Reeves announces Mississippi schools will remain closed
Published 2:38 pm Tuesday, April 14, 2020
Mississippi schools will stay closed for the remainder of the school year as efforts to slow the spread of the COVID-19 coronavirus continue.
Gov. Tate Reeves made the announcement Tuesday afternoon during a press conference, but said students will continue their distance learning efforts already underway.
“School buildings in Mississippi will remain closed for the rest of the semester,” the governor said. “That does not mean school is canceled. “No one wants to shut down our schools.”
The state’s schools were closed March 19 when Reeves issued an order to do so. The order was to have continued until Friday, but Reeves’ Tuesday announcement will keep children out of classrooms for the remainder of the school year.
Exactly what this means for graduation status or advancement to the next grade for students was not immediately clear. Reeves indicated the Mississippi Department of Education would provide guidance to school districts and parents soon.
“The vast majority of students are participating in learning today,” he said.
Reeves said he believed if students were following advice from their teachers, doing the work through distance learning, they should proceed to graduate or advance to the next grade.
“We will get through this, together,” Reeves said.
Shortly after Reeves made his decision public, the Vicksburg Warren School District, who had switched all of its students to online and distance learning weeks ago, said those programs will continue.
“Mississippi Gov. Tate Reeves has closed school buildings through the end of the spring semester. Distance learning will continue through the end of the school year. Additional details will be provided as they become available,” the statement on social media said.
And the decision did not just impact the public school systems.
Dr. Calvin Masterson, president of the board at Porter’s Chapel Academy, said their board Monday had decided to follow whatever guidance and decision Reeves would announce.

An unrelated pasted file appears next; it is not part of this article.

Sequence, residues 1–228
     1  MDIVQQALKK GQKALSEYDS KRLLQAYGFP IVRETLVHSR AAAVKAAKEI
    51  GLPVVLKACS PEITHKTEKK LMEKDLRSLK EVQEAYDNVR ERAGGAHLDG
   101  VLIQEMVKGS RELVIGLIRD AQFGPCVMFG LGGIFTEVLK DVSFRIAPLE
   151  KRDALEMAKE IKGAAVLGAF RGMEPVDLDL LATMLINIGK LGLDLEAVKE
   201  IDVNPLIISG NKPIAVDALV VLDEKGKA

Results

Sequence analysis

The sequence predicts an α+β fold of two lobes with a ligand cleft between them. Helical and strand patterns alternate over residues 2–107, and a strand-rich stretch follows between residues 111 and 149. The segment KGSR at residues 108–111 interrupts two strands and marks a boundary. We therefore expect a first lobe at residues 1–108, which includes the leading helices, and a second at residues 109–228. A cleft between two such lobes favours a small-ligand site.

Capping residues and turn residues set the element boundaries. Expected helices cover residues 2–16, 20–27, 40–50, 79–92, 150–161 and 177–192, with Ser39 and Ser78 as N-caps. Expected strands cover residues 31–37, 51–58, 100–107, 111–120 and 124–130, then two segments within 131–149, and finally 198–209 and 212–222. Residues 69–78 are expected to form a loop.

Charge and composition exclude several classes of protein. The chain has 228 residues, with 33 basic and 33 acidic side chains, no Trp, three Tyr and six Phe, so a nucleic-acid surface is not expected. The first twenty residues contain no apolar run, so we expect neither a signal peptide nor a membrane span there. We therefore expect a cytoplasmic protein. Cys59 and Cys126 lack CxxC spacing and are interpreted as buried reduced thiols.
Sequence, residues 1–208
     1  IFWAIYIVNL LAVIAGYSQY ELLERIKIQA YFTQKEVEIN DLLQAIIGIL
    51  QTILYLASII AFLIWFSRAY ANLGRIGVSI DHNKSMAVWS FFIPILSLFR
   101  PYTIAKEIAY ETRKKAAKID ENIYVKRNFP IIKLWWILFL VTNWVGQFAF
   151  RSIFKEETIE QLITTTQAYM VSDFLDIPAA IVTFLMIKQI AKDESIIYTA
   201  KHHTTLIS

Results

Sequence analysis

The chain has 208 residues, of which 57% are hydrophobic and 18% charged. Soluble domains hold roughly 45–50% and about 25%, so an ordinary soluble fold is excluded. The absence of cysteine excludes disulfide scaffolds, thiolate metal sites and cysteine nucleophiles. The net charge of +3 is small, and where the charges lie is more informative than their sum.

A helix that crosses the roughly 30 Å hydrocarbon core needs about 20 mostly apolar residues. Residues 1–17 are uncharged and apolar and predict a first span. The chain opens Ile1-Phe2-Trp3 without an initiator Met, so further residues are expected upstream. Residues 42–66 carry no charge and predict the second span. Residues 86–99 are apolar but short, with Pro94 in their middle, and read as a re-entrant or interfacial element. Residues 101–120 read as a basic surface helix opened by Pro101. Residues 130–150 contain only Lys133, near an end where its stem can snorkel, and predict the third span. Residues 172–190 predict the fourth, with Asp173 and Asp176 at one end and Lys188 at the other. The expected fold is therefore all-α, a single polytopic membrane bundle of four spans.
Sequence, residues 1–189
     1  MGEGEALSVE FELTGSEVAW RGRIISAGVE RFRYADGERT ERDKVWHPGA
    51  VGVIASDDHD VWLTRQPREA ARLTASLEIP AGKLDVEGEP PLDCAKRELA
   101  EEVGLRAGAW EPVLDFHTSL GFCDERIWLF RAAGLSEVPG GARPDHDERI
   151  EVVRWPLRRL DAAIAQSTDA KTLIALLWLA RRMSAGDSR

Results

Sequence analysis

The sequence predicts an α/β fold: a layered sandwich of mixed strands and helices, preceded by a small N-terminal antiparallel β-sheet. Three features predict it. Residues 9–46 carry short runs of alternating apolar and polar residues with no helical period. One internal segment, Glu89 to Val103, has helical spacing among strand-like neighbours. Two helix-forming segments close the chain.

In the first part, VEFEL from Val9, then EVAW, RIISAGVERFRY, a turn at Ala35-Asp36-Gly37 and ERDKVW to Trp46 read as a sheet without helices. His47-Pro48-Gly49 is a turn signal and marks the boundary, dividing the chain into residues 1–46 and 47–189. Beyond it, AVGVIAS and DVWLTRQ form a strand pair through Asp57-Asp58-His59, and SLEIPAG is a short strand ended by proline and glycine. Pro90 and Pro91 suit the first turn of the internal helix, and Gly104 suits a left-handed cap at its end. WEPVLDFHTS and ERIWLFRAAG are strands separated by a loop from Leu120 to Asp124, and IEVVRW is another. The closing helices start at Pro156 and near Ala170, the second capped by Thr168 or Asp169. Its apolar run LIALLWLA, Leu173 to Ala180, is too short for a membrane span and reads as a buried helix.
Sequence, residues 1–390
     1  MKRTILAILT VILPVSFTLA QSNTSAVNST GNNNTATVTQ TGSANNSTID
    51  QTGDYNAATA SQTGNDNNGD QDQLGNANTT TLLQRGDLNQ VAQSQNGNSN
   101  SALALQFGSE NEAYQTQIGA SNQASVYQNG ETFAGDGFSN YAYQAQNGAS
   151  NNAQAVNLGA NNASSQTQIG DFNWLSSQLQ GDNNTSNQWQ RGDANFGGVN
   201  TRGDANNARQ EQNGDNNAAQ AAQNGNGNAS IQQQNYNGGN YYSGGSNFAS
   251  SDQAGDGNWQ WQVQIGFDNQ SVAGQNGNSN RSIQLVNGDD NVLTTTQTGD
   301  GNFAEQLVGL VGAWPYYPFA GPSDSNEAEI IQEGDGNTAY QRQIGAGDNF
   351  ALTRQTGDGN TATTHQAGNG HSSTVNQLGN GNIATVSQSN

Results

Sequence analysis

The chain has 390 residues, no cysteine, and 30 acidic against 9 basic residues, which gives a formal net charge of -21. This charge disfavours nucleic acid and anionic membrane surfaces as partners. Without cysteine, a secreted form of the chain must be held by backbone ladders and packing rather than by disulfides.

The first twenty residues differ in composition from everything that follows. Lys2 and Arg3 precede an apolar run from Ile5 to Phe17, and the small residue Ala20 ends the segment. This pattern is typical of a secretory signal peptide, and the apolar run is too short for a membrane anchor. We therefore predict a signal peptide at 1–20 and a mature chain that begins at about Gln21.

“We had discussed this at our school board meeting Monday night and had decided we would follow the protocol Gov. Reeves put in place,” Masterson said. “And, we will continue with our distance learning.”
He also added the board had set a tentative date of June 5 for the school’s graduation services.
“But that date could change if sheltering in place lasts longer,” Masterson said, adding a rescheduled prom is likely. “Our seniors deserve to have a prom and graduation and our board will do everything to fulfill this for them.”
As for school-related athletics, the Mississippi High School Activities Association and Mid-South Association of Independent Schools had both suspended athletic competitions, practices and other extracurricular activities while schools remained closed. It was not immediately clear, however, whether the latest closure also meant the end of high school sports for this 2019-20 school year.
MHSAA executive director Don Hinton said his organization’s executive committee would meet either later Tuesday or early Wednesday to vote on a plan of action. MAIS executive director Shane Blanton could not immediately be reached for comment.
“We’ll take the statement that the governor makes and we’ll make a decision based off of what he says,” Hinton said. “We don’t make a decision without meeting with the executive committee first.”